Prostatectomy is a surgical removal of the prostate, a male gland in charge of production of a slightly alkaline, milky/white fluid that accounts for 20-30% of the volume of the semen. The gland also participates in ejaculation with its smooth muscles. Men suffering from certain illnesses affecting the prostate gland may experience erectile dysfunction. Also, those who have undergone prostatectomy are often faced with this rather unpleasant and embarrassing health issue. Still, even if erectile dysfunction develops, an affected individual should not be worried because there are effective treatments that can restore men's ability to achieve and sustain erection sufficient enough to have sexual intercourse.
Erectile Dysfunction and Prostatectomy
Erectile dysfunction is one of several expected side effects after prostatectomy. The surgery is predominantly performed in men suffering from operable, localized prostate cancer. Today thanks to the advent of the nerve-sparing radical prostatectomy this complication may be successfully prevented although it affects certain number of operated patients.
The very tumor is blamed for many psychological changes in a man's life. However, once it is removed and in case erectile dysfunction occurs, the man will feel much worse. Preserving the ability to perform well in bed is especially important for young men.
Unfortunately, even after the very best surgery many patients may have problems with their erection. The recovery of the penile function is closely connected with recovery of all the tissues that have been affected by the surgery. It may take months for erection to be achieved again. There are many explanations why the recovery may be delayed. For instance, nerves in the area may be overstretched during the procedure or they are directly damaged by electrocoagulative cautery while the gland is being dissected. Bleeding as well as inflammation are two contributing factors to delayed recovery.
Preoperative potency status is one of the major determinants whether the erection will be achieved again and whether it will be the same as the one before the surgery. It is normal for men to experience a decline in erectile function as they get older. So, erection is age related and it also may be affected by other medical conditions a man is suffering from. It is known that men suffering from diabetes, those with cardiovascular diseases as well as patients that take certain drugs may have erection problems. Now, if this was the case prior to the surgery, it is highly likely that erectile dysfunction will occur after surgery and the condition might not be brought under control.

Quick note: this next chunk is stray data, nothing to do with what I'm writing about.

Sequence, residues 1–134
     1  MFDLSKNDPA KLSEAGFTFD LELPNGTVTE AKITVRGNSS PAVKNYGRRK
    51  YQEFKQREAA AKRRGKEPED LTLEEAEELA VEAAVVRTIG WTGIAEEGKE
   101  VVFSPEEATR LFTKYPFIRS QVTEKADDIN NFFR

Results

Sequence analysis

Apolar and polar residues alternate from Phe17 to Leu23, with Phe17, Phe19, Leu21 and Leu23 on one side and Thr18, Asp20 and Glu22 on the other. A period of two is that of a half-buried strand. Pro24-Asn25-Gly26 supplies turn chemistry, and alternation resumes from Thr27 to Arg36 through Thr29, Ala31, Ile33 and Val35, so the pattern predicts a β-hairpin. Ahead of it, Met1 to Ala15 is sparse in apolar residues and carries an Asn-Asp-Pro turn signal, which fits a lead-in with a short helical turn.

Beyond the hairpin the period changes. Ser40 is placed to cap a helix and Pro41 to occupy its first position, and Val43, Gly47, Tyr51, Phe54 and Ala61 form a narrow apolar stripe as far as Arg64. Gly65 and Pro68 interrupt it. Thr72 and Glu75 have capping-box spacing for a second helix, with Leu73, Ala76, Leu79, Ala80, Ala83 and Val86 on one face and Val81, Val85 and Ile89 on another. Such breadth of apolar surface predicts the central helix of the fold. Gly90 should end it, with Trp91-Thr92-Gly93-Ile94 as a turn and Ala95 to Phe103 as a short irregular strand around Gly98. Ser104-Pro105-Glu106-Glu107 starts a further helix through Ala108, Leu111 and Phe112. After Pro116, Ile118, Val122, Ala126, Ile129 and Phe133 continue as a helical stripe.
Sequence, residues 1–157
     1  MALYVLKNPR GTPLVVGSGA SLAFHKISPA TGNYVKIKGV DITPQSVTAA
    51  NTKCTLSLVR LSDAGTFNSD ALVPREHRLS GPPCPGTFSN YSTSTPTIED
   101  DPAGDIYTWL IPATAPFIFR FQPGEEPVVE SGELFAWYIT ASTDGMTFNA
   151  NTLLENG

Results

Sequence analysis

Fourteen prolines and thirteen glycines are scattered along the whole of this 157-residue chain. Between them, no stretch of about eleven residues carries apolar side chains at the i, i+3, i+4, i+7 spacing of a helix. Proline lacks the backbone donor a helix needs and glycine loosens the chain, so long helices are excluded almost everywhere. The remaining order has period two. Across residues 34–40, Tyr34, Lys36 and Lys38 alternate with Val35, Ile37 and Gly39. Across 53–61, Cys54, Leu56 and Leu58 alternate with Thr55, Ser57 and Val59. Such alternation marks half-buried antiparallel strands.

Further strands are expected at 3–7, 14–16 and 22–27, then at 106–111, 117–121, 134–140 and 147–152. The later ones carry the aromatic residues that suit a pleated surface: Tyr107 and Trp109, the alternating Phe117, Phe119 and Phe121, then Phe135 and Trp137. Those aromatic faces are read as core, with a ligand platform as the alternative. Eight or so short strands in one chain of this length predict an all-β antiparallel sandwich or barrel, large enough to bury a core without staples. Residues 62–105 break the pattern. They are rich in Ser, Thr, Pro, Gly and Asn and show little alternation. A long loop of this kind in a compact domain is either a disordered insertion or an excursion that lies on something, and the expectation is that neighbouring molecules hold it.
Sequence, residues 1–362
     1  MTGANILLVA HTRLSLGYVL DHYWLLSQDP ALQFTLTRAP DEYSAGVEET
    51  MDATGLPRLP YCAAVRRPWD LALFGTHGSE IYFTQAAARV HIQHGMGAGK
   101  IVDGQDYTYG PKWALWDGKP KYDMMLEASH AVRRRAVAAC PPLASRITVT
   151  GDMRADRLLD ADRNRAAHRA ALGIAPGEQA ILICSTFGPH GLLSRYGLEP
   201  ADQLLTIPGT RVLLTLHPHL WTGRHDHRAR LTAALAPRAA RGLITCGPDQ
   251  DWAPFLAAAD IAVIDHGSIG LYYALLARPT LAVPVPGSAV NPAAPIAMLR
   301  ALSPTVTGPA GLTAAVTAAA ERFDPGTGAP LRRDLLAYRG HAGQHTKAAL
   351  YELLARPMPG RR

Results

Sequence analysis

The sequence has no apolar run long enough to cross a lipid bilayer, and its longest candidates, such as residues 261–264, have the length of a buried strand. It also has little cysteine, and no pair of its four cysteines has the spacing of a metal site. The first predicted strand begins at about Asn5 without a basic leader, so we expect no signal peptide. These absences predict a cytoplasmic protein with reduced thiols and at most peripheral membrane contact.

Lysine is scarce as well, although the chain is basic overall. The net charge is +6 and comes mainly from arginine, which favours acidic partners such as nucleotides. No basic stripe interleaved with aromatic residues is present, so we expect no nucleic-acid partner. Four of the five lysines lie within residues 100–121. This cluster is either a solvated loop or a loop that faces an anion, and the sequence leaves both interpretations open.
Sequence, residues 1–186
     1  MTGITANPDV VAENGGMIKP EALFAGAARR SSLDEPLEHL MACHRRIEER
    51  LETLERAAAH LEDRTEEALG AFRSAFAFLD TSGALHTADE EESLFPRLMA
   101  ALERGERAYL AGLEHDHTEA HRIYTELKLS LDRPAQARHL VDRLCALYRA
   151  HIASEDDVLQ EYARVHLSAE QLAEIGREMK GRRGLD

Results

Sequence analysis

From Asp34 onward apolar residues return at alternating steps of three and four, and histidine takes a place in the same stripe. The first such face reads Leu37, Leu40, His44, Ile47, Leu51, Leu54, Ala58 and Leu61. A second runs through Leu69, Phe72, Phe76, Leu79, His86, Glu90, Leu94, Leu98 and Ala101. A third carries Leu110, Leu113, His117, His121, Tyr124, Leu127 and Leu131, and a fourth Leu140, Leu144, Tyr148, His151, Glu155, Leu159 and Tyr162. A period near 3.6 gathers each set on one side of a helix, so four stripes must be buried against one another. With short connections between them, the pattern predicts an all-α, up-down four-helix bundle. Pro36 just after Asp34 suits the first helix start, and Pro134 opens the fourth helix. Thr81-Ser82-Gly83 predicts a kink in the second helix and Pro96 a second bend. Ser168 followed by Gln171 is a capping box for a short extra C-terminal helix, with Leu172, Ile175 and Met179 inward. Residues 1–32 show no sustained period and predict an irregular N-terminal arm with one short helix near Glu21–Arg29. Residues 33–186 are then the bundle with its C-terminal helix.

All in all, patients that have undergone prostatectomy and now are experiencing erectile dysfunction can benefit a lot from medications such as Viagra, Cialis and Levitra. They may also use intraurethral suppositories or receive intracavernous injections. Additional help is obtained from vacuum constriction device and penile implants.
Cancer Caused Erectile Dysfunction
The prostate cancer per se is many times the reason why men cannot achieve and sustain erection. However, as it has already been mentioned the problem may result from prostatectomy as well other treatment options these patients are recommended.
Although medical experts have developed several surgical approaches that try to preserve one's erection, there is still much debate without consensus about the advantages and disadvantages of surgery and other treatment modalities used in case of prostate cancer patients. For example, it seems that radiation therapy, cryotherapy and hormonal therapy may be less responsible for erectile dysfunction. After surgery erectile dysfunction occurs immediately while after radiation therapy there is a steady decline in erectile dysfunction which is so much better. Namely, the problem usually starts 6 months after radiation therapy and is gradual. This is the most commonly reported side effects of such treatment. The risk of erectile dysfunction is lower in patients treated by brachytherapy or sophisticated forms of radiation therapy such as IMRT or 3-D conformal radiotherapy.
Even hormone therapy for prostate cancer may easily precipitate erectile dysfunction. The problem generally develops 2-4 weeks after the onset of the treatment. Such patients may additionally experience a decreased libido.
As it has already been mentioned therapy for erectile dysfunction can be medicamentous or include certain devices such as a vacuum constriction device and penile implants. Drugs are either taken orally, inserted into the urethra or injected directly into the penis. Vacuum constriction devices may be uncomfortable and provide with less desirable results in previously operated patients. Penile implants might be the best solution, especially if all else fails. The one may undergo this treatment only a year after cancer treatment. The success of this treatment approach is up to 95% and both partners are quite satisfied with the results.
Finally, there are relatively new strategies called cavernous nerve interposition grafting and neuromodulatory therapy both of which might repair damage caused by prostatectomy. They promote revitalization of intact nerves and nerve growths which in the long run might improve erection significantly.
To sum up, erectile dysfunction may arise from the very tumor of the prostate gland or practically all available treatments. However, thanks to modern medicine, even if this medical issue develops, it can be efficiently brought under control and cause no additional psychological problems.